It may not rival the Amber Fort or the sublime honeycomb façade of the Hawa Mahal, but early in 2012 another historic royal palace in Jaipur opens to the public for the first time. Built perhaps as early as 1734 by the city’s founder, Jai Singh II, the Jal Mahal – “lake palace” – had lain derelict for the best part of a century. Now it stands serene in the south-west corner of the man-made Mansagar Lake, its pale ochre façades reflected in the glassy waters.

From the city, it looks like a solid square two-storey structure, an octagonal-domed chhatri or gazebo at each corner. But there is trompe-l’oeil at work, for the building is actually nothing more than four narrow galleries built to encompass a tiny islet and mounted on an arcade of columns that stand on the lake bed. It was designed as a place for duck-shooting, kite-flying, picnics and fireworks, a place to “[sleep] off their noonday opiate amid the cool breezes of the lake, wafting delicious odour from myriads of the lotus flower which covered the surface of the water”, or so James Tod of the British East India Company wrote of another Rajasthani lake palace in his Annals and Antiquities of Rajasthan (1829).

Inside, the galleries have been painstakingly restored, their walls rendered to dado height in gleaming araish plasterwork, burnished with coconut oil and inscribed with lines of black kohl. Above hang huge, digitally enlarged reproductions of miniature paintings from museums across Rajasthan.

So far, so interesting. But what really justifies the modest Rs50 (60p) entry charge is the headily perfumed Chameli Bagh, or jasmine garden, at its heart. Mitchell Abdul Karim Crites, the US-born, Delhi-based architectural historian and heritage crafts specialist whose clients include the Eastern Gallery at the Metropolitan Museum in New York and steel magnate Lakshmi Mittal, has designed an ornate formal parterre based on a Persian charbagh, a form of foursquare garden intended to replicate heaven on earth.

Each of its four quadrants contains a curvaceous pattern of cushiony chamomile lawns edged in glistening white marble, encircled in frangipani and jasmine, with a lotus pool at its centre. The design may be original but it incorporates many intricately replicated details from the pavilions and gardens at Jaipur’s City Palace, the Jaigarh and Amber forts. The exquisite floral frescoes, filigree, enamel and mirrorwork in the chhatris, for instance, and the way the marble fountains, cascades and channels have been carved so that the water both glitters and sings as it ripples over them. For this was a palace of pleasures where water, light, sounds, scents and imagery combined to delight the senses.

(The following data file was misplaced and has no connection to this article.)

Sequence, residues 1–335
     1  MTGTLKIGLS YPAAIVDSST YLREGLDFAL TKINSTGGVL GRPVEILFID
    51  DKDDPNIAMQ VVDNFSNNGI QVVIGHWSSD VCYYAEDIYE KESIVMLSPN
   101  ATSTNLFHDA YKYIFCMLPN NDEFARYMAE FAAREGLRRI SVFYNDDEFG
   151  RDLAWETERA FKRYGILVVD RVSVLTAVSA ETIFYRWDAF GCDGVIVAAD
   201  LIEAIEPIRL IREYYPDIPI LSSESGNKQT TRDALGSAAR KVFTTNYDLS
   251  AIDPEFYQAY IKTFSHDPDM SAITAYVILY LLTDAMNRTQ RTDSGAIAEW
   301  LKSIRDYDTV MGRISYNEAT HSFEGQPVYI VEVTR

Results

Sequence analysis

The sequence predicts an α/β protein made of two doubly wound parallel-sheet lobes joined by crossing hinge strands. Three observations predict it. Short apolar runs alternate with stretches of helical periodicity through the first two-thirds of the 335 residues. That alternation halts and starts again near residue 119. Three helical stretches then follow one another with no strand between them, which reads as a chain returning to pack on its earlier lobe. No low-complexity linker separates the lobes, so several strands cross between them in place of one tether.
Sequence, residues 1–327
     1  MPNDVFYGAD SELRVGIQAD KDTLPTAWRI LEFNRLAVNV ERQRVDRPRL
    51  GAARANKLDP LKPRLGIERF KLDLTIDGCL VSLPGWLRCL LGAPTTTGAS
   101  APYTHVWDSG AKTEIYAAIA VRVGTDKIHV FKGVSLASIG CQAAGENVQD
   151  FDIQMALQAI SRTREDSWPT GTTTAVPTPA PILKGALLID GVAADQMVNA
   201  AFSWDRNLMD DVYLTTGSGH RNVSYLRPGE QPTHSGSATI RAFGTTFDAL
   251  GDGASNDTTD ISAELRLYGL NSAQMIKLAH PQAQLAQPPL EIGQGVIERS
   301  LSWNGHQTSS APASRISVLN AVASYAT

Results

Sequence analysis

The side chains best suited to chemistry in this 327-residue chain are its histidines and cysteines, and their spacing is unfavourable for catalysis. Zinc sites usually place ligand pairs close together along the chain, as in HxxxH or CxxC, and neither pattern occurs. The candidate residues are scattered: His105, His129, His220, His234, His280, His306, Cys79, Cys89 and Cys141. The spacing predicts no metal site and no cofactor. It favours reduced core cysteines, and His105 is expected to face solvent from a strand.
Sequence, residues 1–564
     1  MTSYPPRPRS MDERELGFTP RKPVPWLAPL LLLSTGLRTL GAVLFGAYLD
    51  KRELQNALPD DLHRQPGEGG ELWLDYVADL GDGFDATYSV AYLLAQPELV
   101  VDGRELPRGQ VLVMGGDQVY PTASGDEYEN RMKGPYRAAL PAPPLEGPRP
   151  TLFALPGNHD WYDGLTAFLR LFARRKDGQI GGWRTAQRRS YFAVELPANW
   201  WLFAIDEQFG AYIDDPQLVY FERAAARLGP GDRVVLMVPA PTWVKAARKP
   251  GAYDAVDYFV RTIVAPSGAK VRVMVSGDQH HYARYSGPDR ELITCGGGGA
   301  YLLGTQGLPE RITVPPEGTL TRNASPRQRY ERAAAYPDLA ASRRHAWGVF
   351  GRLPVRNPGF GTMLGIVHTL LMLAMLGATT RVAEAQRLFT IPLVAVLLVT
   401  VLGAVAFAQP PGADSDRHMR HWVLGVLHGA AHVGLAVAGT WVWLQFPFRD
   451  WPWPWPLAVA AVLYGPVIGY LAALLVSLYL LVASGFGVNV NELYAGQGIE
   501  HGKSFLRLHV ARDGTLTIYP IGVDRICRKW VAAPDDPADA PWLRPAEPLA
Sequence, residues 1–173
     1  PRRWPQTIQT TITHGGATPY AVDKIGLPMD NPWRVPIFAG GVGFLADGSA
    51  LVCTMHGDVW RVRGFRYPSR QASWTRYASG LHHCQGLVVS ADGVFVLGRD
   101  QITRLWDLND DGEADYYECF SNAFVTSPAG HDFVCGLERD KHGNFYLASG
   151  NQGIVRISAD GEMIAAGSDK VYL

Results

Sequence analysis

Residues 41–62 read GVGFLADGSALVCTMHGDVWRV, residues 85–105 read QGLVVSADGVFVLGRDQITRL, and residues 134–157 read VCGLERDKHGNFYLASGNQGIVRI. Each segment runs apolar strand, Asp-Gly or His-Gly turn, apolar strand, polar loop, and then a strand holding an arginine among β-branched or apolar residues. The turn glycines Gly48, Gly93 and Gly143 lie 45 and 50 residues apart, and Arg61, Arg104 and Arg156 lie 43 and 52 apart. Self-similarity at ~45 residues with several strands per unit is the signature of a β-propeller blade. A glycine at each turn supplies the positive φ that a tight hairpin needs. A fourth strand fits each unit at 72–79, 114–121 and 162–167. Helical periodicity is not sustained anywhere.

As far as modern Jaipur is concerned, the principal achievement has probably been the clean-up of this once-fetid, polluted lake. Two million tonnes of toxic silt and rubbish were drained from it, increasing its depth by a metre. The result is a reservoir that teems with fish, while herons, egrets, grebes, cormorants and black-winged stilts have returned.

That said, there is work to be done. The landscape around the quay where you board shallow rowing boats (their elaborately carved animal figureheads based on 18th-century designs) that ferry visitors to and from the palace is, for the moment, little more than wasteland, a putative building site on which the developer, Jal Mahal Resorts, hopes to build two hotels, a convention centre, craft bazaar, amusement park, food court and “ethnic village”. It undertook the restoration of the Jal Mahal both because it would make a selling point and a picturesque outlook and as a condition of the lease granted by the Rajasthan Tourism Development Corporation.

The publicity material highlights “the first time the public and private sectors have joined hands to revive a heritage site in Rajasthan”. But while contracts were signed in 2005, the project has been mired in controversy and litigation, the chief contention being that the leased land constitutes part of the lake bed and cannot be used for any purpose but water storage. So for the moment, the Jal Mahal is the only phase that’s complete.

Jal Mahal, Jaipur,, is due to open on February 4

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